exclaimed. “We are near some islands, I understand, and
It is difficult to determine how far the English kings succeeded in influencing appointments to Irish bishoprics. About Dublin, Meath, and Kildare there can be no doubt that their efforts were attended with success. In Armagh, too, they secured the appointment of Englishmen as a general rule, and in Cashel, Waterford, Limerick, and Cork their recommendations, or rather the recommendations of the Anglo-Irish nobles, were followed in many instances. Outside the sphere of English influence it does not seem that their suggestions were adopted at Rome. At any rate it is certain that if they sought for the exclusion of Irishmen their petitions produced little effect. During the early years of the reign of Henry VIII. more active measures seem to have been taken by the king to assert his claims to a voice in episcopal appointments. In the appointments at this period to Armagh, Dublin, Meath, Leighlin, Kilmore, Clogher, and Ross it is stated expressly in the papal Bulls that they were made /ad supplicationem regis/.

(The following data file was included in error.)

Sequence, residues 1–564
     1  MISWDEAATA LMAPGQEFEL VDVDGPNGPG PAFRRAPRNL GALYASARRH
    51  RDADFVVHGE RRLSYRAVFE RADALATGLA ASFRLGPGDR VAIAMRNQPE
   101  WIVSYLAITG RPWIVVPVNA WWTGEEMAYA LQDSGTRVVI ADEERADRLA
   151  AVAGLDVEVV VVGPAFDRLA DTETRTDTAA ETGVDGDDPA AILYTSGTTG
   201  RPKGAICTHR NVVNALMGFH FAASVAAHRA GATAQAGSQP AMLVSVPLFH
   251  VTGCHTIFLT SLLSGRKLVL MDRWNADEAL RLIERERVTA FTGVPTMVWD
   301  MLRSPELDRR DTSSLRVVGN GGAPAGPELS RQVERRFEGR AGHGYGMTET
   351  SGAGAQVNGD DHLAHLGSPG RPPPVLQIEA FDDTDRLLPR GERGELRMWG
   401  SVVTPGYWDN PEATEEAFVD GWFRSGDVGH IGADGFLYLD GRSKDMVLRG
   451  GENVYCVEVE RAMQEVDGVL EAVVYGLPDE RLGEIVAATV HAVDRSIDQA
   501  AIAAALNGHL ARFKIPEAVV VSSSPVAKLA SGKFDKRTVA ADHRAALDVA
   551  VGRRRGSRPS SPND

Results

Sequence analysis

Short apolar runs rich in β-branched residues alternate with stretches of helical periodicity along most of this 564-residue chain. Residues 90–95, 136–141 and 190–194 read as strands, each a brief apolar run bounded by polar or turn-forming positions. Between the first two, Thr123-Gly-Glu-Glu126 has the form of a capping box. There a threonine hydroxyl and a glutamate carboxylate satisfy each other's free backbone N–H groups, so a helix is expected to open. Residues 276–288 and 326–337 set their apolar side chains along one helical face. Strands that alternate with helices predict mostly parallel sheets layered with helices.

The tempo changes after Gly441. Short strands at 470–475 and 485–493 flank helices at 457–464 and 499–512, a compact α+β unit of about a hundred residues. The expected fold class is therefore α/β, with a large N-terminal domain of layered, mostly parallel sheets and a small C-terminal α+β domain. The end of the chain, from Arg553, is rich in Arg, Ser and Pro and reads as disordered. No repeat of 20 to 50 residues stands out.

Unfortunately several of the ecclesiastics on whom bishoprics were conferred in Ireland during the fifteenth century had but slender qualifications for such a high office. On the one hand it was impossible for Rome in many cases to have a close acquaintance with the various candidates, and on the other the influence of the English kings, of the Irish princes, and of the Anglo-Irish nobles was used to promote their own dependents without reference to the effects of such appointments on the progress of religion. The Archbishops of Dublin and Armagh, and the Bishops of Kildare and Meath were more interested as a rule in political and religious affairs than in their duties as spiritual rulers. They held on many occasions the highest offices in the state, and had little time to devote their attention to the government of their dioceses. Absenteeism was as remarkable a characteristic of the Church in the fifteenth century as it was of the Established Church in the eighteenth, and in this direction the bishops were the worst offenders. Very often, too, Sees were left vacant for years during which time the king's officials or the Irish princes, as the case might be, wasted the property of the diocese either with the connivance or against the wishes of the diocesan chapters. Of the archbishops of Ireland about the time of the Reformation, George Cromer, a royal chaplain, was appointed because he was likely to favour English designs in Ireland, and for that purpose was named Chancellor of Ireland; John Alen, another Englishman, was recommended by Cardinal Wolsey to Dublin mainly for the purpose of overthrowing the domination of the Earl of Kildare; Edmund Butler, the illegitimate son of Sir Piers Butler, owed his elevation to the See of Cashel to the influence of powerful patrons, and Thomas O'Mullaly of Tuam, a Franciscan friar, passed to his reward a few days before the meeting of the Parliament that was to acknowledge Royal Supremacy, to be succeeded by Christopher Bodkin, who allowed himself to be introduced into the See by the authority of Henry VIII. against the wishes of the Pope.